Controlling Stormwater Technique

Gabions, although an old invention, are quite popular today. They have many applications in landscape architecture and civil engineering. Going back in history, Leonardo da Vinci had created a gabion in the 16th century for military use.

Leonardo da Vinci’s gabion designs were baskets of woven twigs filled with soil that military units could use for cover. They could stop bullets, too!

The term “gabion” comes from the Italian word, Gabbione, which means “big cage.” True to their name, a gabion is nothing more than angular rocks in a stainless steel or powder coated, galvanized steel cage. The angular rocks allow water to pass through the spaces between them. Other materials, such as sand, broken chunks of concrete, and soil have been used to fill the cages, which are produced in different sizes. The most popular size is 4’L x 3’W x 3’D. They can be linked together with steel fasteners that look like a carabiner. For added strength, steel stakes can be driven through them and into the ground.

Making a Gabion

Generally, a gabion is specified for the purpose of stormwater control, stream bank stabilization, and erosion control. The geotextile fabric that lines the inside of the cage helps filter the stormwater passing through it while holding silt and debris back. When a gabion is designed to be used as retaining walls, they are not only attractive, they relieve hydrostatic pressure build-up behind the wall.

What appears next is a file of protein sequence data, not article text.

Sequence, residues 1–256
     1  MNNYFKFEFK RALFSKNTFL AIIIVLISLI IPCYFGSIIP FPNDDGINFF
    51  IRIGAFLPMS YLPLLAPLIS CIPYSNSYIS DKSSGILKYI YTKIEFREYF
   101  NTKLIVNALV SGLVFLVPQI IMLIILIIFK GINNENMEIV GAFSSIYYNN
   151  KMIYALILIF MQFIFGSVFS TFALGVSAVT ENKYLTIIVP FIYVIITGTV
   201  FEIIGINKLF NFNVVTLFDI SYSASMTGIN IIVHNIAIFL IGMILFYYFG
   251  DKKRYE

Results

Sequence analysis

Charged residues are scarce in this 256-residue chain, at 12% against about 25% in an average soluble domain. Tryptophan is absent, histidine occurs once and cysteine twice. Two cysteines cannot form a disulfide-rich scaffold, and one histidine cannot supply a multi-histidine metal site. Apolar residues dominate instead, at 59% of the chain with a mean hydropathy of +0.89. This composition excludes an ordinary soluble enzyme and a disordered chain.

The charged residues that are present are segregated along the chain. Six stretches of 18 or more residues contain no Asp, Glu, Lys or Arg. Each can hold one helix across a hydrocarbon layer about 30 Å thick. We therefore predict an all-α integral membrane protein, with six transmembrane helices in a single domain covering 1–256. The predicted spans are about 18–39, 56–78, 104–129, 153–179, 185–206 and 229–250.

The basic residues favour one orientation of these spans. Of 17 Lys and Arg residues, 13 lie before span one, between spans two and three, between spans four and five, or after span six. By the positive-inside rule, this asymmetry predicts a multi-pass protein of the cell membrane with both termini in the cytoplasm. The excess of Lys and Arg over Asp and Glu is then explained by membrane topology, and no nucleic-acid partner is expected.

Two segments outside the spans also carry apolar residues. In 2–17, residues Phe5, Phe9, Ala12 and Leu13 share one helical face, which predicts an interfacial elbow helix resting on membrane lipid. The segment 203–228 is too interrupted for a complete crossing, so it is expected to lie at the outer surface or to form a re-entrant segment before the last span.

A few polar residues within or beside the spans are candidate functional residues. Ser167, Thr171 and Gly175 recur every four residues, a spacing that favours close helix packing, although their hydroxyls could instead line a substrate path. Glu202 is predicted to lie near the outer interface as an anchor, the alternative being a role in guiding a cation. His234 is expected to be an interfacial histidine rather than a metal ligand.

From a cost perspective, gabions are less expensive than poured concrete wall. Basically, when estimating an application, a designer must consider the material for the cage, the choice of rocks or other material for the inside of the cage, the type of geotextile, any accessories, plus use of machinery for installation.

Olivia Munoz Mickalonis is a landscape architect, consultant and speaker who is based in Atlanta. If you have questions about gabion applications, simply use the Ask the Expert feature at the bottom of this page to contaact Olivia.

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